The judge's decision can be found on the Connecticut Judicial Branch website.
stemmed in which Stefanoni alleged that Little League officials had put her son, who had played in an advanced group the previous season, into a division for younger, less experienced boys, and that they did so in order to retaliate against her and her husband.
League officials said that due to overcrowding they were sticking to a new policy that grouped students by grade level rather than age or experience level, and that two other boys were also moved from one division to another in the town Little League. Stefanoni argued that her son was the only one affected in his division and that the two other boys were moved because their parents had wanted the change for other reasons.
Stefanoni has argued that because she and her husband had tried to get unpopular affordable housing developments built in some places around town, they may have prompted league officials to retaliate against them. The Stefanonis said a board member of the Darien Little League had sent them an angry email which said he has friends who are neighbors of a proposed Stefanoni development.
Little League officials have strenuously denied that they were retaliating against the Stefanonis.
Stefanoni is suing the Darien Little League for a dollar and a public retraction of some of its statements about her.
What the statements 'could reasonably be considered'
Much of the lawsuit focuses on a letter sent to the Darien Times and published Sept. 23, 2010. The letter, as quoted in the judge's decision, included statements that Little League officials "were surprised and disappointed to read untrue comments about [the Darien Little League] attributed to [Stefanoni]," called her comments "demonstrably false" and "false statements," and said that Stefanoni "implicated [the Little League] in some half-baked conspiracy theory." The letter also strongly criticized The Darien Times for publishing Stefoni's statements without first checking them with Little League offiicals.
Referring to that letter, Taggart wrote: "Although the defendant [the Darien Little League] does not expressly state that the plaintiff lied in making her comments, its statements, given their natural and ordinary meaning, could reasonably be considered to imply that the plaintiff [Stefanoni] lied.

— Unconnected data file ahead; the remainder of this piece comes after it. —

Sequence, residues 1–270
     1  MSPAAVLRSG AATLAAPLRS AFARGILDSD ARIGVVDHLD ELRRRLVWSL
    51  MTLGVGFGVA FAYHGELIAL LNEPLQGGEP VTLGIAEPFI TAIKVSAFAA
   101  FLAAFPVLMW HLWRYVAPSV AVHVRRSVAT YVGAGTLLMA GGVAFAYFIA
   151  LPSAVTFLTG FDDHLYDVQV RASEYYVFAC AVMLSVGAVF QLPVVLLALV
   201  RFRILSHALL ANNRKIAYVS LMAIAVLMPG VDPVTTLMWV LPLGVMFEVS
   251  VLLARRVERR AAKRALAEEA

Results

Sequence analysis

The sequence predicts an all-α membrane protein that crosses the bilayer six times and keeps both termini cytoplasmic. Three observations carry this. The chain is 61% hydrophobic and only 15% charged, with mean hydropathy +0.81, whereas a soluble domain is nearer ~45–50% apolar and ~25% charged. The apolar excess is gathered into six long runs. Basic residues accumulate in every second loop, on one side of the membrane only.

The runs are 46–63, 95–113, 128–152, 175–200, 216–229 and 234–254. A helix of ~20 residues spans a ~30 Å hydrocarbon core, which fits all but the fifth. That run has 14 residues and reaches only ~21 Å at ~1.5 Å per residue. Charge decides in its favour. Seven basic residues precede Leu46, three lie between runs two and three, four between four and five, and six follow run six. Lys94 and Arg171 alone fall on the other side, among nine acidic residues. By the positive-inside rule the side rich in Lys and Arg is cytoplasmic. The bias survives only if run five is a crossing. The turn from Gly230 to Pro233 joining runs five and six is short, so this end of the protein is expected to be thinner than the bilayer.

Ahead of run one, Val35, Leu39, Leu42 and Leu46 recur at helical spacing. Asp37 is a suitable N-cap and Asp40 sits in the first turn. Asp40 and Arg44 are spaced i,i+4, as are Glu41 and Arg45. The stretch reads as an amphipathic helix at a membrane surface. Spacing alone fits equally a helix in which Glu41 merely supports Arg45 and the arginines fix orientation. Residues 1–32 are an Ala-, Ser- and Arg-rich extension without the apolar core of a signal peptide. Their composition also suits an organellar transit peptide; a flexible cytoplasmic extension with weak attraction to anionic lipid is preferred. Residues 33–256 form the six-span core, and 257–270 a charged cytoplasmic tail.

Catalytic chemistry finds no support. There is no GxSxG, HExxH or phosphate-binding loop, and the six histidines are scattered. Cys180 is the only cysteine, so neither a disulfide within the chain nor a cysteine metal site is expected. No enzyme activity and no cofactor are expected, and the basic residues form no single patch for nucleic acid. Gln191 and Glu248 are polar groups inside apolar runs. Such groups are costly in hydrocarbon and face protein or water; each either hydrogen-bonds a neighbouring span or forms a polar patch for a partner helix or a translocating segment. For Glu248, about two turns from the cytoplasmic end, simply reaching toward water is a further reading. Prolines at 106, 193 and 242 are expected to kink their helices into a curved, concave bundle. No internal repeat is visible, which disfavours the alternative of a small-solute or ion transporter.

"These are not 'words [that] could not reasonably be considered defamatory in any sense,'" Taggart added, quoting another court decision. Similarly, an email sent out to Little League parents and later posted on the Darien Little League website for months "could reasonably be considered defamatory," because, the judge said, "the implication in the defendant's [the Little League's] statements is that the plaintiff [Stefanoni] lied."
Truth as a defense
Although a Little League's lawyer argued that truth is an absolute defense in a libel case, the judge cited a previous case, Goodrich v. Waterbury Republican Inc., which said that in defamation cases, "determining the truthfulness of a statement is a question of fact for the jury."
The judge also rejected the argument that Margaret Stefanoni is considered a "public figure," for purposes of defamation law. If she were a public figure, then under libel law she would need to prove that the Little League made its statements with "actual malice," meaning that league officials who made the statements did so either knowing they were false or had a reckless disregard as to whether or not they were false.
A person is a "public figure" under defamation law if the person's fame and influence in a community is connected to the matter directly concerning the libel, the judge wrote. Stefanoni was well known around town in relation to proposed housing developments, not Little League matters, the judge wrote.
Margaret Stefanoni is representing herself in court. The Darien Little League is represented by Fred N. Knopf and Michelle M. Vitullo, both of White Plains, NY.